And next, you'll also want to put on your timeline important dates as best as you can remember, including: When did you first started talking about marriage? When did you meet each other's families? When did you get married? Where was your honeymoon? These sorts of details are important questions that the immigration officer is going to ask. So the best way that you can be prepared is to do a timeline and get on the same page as your spouse before you sit in front of the officer.

Next, collect, collect, collect. You must do your best to collect as much joint evidence as possible, beginning from the start of your relationship up until the very day that you are sitting in front of the officer for your interview. I always recommend to clients to bring as much joint financial information, including joint bank statements, joint tax returns, joint utility bills, any joint insurances and proof purchases. These are things that are going to be considered the gold standard of evidence in an immigration case.

Then bring in secondary evidence such as photo albums, greeting cards, wedding receipts, things like that. These are also important, but not nearly as important as the other types of evidence. Not only will you want to collect everything and make sure you have important information from every single month since you got married, but next you'll want to organize all of your documents.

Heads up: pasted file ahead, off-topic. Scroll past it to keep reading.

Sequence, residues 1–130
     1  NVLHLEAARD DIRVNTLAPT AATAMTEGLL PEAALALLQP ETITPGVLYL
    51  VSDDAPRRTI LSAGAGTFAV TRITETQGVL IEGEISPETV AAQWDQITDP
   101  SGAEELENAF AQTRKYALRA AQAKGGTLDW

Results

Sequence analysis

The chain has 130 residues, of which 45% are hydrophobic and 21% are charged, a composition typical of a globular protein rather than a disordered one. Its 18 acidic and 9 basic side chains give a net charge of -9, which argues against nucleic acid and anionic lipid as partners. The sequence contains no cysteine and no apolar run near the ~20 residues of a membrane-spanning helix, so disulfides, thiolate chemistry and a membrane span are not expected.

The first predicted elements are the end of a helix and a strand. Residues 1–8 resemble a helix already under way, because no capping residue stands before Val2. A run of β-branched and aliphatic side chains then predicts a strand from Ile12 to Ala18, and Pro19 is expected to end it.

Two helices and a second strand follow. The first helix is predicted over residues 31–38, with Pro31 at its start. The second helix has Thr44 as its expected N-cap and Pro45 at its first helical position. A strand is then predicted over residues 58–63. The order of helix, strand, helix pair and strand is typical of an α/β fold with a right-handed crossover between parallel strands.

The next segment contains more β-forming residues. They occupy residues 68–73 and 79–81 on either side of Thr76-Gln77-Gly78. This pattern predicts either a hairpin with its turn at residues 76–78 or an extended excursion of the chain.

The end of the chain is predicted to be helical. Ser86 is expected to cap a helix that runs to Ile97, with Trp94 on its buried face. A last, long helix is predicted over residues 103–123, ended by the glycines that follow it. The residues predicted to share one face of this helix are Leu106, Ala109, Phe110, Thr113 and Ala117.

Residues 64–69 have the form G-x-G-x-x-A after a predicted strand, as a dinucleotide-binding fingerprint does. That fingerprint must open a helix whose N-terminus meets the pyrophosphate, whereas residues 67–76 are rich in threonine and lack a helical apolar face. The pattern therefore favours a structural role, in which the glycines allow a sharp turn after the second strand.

Now for immigration interviews, I like to put all of the biographic documents—including any divorce certificates, marriage certificates, criminal history, all of these things—I like to put all of these first and then put all the joint evidence organized by category at the end. You may also be wondering what you should wear.

Well, this is an official proceeding, so I would recommend that you dress in business casual to show that you are taking this interview seriously. However, there's no need for you to get in a suit and tie. I think a simple button down shirt, if you're a gentleman is fine and something business casual if you are a lady is fine as well. And lastly, you want to arrive early, but not too early.

And this is because since COVID-19 has started, security guards may not even let you into the building if you are more than 30 minutes ahead of the time of your appointment. So if you have the habit of showing up two hours early, you may be waiting around for a long time outside. Generally speaking, 45 minutes to an hour prior to your appointment time is a good place to land. That way you have enough time for parking, getting adjusted and making your way through security.

Now, what will actually happen on the day of the interview?

What Happens At The Interview?

What can you expect and what is the order of events? First of all, the most important thing that will happen is that you will be placed under oath. Immigration officer will ask you to stand, raise your right hand and swear to tell the truth. After you have been sworn in, then the interview can officially begin.